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On Thu, 27 Feb 2003 09:01:38 -0500, "Dennis J. Murray" wrote:

>FWIW:  I'd look HARD at a stack overflow problem, Tim!!  You're exhibiting
>classic symptoms of stack overflow (according to your post, removing a
>"called" routine made the problem "go away").
>

IIRC, the ICD requires 1 stack level for its operation which would
increase the likelihood of this occurring.


Regards, Bob

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2003\02\28@035158 by Tim

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Its happening anyway, ICD or not, so it must be going pretty damn deep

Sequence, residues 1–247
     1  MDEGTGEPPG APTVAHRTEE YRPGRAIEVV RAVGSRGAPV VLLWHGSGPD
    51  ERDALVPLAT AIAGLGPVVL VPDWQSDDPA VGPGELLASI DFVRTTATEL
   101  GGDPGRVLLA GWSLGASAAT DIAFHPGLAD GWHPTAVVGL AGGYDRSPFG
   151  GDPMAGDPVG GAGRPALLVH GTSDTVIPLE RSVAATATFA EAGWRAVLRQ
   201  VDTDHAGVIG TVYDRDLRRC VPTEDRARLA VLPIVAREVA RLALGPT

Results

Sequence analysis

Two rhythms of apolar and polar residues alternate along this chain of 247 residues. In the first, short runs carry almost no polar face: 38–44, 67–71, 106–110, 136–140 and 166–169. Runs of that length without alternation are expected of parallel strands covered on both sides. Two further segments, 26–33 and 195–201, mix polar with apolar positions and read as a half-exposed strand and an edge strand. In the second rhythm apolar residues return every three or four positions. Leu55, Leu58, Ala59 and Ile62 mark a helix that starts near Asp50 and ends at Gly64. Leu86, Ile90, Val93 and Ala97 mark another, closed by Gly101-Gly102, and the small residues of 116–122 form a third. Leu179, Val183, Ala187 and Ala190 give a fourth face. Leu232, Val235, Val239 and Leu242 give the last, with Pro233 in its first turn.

-----Original Message-----
From: pic microcontroller discussion list
[spam_OUTPICLISTTakeThisOuTspamMITVMA.MIT.EDU] On Behalf Of Bob Barr
Sent: Thursday, February 27, 2003 9:02 AM
To: .....PICLISTKILLspamspam@spam@MITVMA.MIT.EDU
Subject: Re: [PIC]: Sub returning, and jumping to middle of int
vector...?

On Thu, 27 Feb 2003 09:01:38 -0500, "Dennis J. Murray" wrote:

>FWIW:  I'd look HARD at a stack overflow problem, Tim!!  You're
exhibiting
>classic symptoms of stack overflow (according to your post, removing a
>"called" routine made the problem "go away").
>

IIRC, the ICD requires 1 stack level for its operation which would
increase the likelihood of this occurring.


Regards, Bob

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2003\02\28@035208 by Tim

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For thoes interested, I was able to avoid the lockup by adding a label